However, at the start of 2018, shortly after receving my EMT certification and while still looking for an EMT company to join, I received a call for an opportunity in the environmental field with a healthcare agency in the Bay Area. This sounded like a perfect fit with my background in environmental science and recent upskilling in the medical field. As a full-time Environmental Scientist in the Bay Area, I was able achieve the growth I craved early in my career. And I was building on my strengths that I had gained more clarity on. Skills like effectively communicating with a diverse audience, analyzing data, learning new material constantly, and solving problems. From the beginning of 2018 to the middle of 2019, I was content... until a familiar tree and desert analogy became apparent, the lack of career potential. Execpt this time, I was not so much limited by openings in the career ladder, but instead I could see that I had done everything there was to do, and the rest of my career down this track would consist of doing the same things over and over again. And I there was something missing that I enjoyed from my experimentation with tech through Data Science: building.

Therefore, at the end of 2019, I embarked on my self-taught journey to find my way into tech. For two years, while working my day job as an Environmental Scientist, I burned the candle on both ends learning software engineering, building web development projects, and interviewing with recruiters. I'll write a blog post that dives deeper into this time period and what I actually did to learn. But for now, know that it was two long years of hard work, and many times around 1:00 a.m., my doubts about a successful career switch would start to creep in, "Is everything for naught?", "Am I just wasting my time?". And nothing thus far had tested my grit and determination like this. One interview after another, rejection after rejection, self-evaulation after self-evaluation. I had to remain stoically enthusiastic during interviews and adopt the growth mindset that the rejection was an opportunity for evaluation on what to do better the next time around. This part of the journey alone changed me in so many ways. But I was happy to put in the work because I finally found a promising career path where I could still enjoy the work itself.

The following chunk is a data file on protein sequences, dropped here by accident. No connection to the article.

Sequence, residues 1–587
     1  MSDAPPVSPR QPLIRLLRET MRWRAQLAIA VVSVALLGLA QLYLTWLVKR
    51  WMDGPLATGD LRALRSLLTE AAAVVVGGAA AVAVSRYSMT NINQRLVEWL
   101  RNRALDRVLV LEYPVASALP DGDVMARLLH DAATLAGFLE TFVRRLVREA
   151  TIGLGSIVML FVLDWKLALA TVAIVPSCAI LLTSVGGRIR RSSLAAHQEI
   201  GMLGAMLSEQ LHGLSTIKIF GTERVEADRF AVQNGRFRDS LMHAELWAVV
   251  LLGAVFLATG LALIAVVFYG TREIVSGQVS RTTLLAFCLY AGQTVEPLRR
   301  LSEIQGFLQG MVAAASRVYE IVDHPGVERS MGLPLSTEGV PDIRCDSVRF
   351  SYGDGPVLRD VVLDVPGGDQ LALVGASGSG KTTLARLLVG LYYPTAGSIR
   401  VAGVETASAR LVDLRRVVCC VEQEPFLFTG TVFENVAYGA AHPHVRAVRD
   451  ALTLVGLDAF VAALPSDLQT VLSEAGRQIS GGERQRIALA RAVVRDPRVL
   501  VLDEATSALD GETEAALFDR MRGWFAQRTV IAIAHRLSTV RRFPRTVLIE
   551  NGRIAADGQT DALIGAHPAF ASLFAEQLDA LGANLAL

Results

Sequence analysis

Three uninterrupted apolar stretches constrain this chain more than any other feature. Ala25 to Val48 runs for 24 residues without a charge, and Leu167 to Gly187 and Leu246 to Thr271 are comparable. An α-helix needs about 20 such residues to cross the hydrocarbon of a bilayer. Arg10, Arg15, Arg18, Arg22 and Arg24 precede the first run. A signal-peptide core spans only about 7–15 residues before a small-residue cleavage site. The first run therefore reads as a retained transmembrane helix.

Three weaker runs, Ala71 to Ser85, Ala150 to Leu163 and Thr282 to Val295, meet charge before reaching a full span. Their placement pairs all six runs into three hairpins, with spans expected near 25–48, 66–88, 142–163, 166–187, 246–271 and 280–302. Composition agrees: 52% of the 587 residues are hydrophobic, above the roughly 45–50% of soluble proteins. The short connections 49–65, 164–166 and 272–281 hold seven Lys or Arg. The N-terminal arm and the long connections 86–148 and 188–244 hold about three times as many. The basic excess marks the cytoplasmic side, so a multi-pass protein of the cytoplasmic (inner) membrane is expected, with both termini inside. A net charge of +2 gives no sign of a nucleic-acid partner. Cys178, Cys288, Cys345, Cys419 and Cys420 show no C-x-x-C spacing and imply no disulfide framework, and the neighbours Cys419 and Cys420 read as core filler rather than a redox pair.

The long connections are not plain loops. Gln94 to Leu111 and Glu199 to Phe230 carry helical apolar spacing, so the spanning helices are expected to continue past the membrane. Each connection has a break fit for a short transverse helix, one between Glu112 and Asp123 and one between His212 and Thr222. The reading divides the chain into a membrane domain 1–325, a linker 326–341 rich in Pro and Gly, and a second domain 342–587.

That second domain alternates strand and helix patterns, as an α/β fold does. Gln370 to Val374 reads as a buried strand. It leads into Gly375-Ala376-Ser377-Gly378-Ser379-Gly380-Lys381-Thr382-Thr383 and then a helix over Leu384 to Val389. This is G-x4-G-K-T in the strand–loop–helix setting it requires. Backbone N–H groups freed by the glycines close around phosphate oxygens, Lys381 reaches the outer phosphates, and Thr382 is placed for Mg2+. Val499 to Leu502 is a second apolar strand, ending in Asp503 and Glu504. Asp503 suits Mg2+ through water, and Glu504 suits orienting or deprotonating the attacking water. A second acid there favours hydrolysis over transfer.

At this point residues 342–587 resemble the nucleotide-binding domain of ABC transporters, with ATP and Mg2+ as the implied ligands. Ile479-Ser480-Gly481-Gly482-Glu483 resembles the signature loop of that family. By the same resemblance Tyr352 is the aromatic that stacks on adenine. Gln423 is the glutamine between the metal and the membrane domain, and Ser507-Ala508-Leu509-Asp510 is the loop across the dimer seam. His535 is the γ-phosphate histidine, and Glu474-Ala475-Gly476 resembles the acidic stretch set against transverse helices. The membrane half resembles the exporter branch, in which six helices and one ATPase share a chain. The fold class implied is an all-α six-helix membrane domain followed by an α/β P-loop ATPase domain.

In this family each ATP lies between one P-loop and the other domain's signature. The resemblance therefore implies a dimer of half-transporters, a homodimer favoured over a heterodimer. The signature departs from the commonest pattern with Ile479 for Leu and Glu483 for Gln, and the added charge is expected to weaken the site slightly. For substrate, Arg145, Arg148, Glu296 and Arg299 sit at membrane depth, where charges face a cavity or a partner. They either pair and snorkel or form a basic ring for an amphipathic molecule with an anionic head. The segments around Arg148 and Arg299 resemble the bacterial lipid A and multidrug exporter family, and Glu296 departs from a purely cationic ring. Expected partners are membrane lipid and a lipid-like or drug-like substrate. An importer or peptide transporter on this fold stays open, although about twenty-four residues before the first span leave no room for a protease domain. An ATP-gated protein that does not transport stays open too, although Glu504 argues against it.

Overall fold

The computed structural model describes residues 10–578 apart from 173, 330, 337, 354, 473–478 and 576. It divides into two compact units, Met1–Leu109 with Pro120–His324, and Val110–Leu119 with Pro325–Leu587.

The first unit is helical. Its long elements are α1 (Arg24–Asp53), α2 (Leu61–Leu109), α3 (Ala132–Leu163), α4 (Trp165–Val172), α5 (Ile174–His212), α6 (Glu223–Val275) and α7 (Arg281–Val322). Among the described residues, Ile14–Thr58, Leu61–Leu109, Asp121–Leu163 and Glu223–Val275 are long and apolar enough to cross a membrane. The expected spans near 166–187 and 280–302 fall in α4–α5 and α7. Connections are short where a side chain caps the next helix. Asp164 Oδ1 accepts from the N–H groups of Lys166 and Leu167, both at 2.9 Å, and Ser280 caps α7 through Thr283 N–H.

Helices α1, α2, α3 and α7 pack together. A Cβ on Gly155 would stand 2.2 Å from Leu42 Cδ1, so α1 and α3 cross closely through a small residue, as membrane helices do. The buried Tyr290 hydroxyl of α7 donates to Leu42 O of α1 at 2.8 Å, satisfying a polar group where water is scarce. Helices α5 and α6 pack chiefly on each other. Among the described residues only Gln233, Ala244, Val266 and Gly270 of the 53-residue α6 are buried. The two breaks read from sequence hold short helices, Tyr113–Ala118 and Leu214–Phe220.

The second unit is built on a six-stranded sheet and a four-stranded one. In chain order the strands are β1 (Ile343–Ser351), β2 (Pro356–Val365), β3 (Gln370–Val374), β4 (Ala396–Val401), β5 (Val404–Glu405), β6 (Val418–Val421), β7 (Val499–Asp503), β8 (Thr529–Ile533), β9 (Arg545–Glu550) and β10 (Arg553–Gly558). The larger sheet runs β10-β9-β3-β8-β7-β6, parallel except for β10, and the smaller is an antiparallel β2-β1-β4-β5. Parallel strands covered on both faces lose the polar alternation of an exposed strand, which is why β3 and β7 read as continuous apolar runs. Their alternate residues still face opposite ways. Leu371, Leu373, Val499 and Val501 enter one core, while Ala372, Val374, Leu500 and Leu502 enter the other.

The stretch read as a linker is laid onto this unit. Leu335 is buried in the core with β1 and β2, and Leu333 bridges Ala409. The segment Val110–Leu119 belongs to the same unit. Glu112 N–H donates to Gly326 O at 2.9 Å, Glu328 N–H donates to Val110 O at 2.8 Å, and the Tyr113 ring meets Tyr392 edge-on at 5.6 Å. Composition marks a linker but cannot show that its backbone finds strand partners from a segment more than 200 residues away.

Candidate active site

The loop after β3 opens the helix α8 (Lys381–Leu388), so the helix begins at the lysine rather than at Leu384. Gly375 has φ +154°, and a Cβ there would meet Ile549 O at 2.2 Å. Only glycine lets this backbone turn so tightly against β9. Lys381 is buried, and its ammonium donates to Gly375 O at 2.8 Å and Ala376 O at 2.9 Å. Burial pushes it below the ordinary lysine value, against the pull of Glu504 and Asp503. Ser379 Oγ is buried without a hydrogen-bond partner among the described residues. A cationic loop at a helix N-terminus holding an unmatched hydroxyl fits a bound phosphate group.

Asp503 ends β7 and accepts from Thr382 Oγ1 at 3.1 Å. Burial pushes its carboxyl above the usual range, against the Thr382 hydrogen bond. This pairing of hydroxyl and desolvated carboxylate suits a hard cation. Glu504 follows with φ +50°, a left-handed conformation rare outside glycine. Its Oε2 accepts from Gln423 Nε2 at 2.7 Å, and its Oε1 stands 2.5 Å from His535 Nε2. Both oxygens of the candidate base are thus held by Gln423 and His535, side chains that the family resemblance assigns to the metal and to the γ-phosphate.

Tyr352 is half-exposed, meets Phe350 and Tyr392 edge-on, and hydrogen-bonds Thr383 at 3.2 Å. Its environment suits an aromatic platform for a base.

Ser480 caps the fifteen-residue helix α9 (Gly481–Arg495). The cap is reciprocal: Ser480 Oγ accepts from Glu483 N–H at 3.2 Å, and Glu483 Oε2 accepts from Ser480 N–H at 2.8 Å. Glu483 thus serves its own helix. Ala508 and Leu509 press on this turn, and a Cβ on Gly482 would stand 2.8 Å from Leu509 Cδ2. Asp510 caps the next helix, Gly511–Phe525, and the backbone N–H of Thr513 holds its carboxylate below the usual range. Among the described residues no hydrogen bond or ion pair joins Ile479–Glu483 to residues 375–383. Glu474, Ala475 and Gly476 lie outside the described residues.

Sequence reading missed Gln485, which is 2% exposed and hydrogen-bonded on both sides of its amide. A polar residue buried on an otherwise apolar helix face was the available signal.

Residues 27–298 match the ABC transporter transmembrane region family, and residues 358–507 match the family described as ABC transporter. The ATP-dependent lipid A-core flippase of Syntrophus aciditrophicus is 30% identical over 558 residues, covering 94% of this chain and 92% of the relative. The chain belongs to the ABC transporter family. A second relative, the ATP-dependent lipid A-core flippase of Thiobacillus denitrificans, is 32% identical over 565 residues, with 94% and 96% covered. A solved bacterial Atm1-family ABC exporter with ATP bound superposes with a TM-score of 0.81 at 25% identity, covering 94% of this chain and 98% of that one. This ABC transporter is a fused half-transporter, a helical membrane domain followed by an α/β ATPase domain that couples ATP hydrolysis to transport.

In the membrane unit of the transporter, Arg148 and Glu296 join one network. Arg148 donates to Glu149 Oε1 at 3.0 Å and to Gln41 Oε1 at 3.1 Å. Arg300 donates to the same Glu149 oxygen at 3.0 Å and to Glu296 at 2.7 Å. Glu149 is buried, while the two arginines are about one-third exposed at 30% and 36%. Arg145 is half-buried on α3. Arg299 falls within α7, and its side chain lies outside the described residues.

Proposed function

Then, life dealt me and my family the hardest blow towards the end of 2021, one I couldn't even fathom for another 20 years. My father unexpectedly passed away. My entire world collapsed. During the grieving and scrambling to piece my family's life back together, nothing else was more important. Everything else grinded to a halt.